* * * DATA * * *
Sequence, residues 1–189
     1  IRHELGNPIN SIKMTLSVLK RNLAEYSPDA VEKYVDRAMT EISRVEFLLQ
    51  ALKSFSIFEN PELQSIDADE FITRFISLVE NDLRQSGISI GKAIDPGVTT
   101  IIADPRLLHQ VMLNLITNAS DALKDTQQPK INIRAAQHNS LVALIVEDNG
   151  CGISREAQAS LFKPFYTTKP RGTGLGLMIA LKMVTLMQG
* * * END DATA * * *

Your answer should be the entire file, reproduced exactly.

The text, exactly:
Sequence, residues 1–189
     1  IRHELGNPIN SIKMTLSVLK RNLAEYSPDA VEKYVDRAMT EISRVEFLLQ
    51  ALKSFSIFEN PELQSIDADE FITRFISLVE NDLRQSGISI GKAIDPGVTT
   101  IIADPRLLHQ VMLNLITNAS DALKDTQQPK INIRAAQHNS LVALIVEDNG
   151  CGISREAQAS LFKPFYTTKP RGTGLGLMIA LKMVTLMQG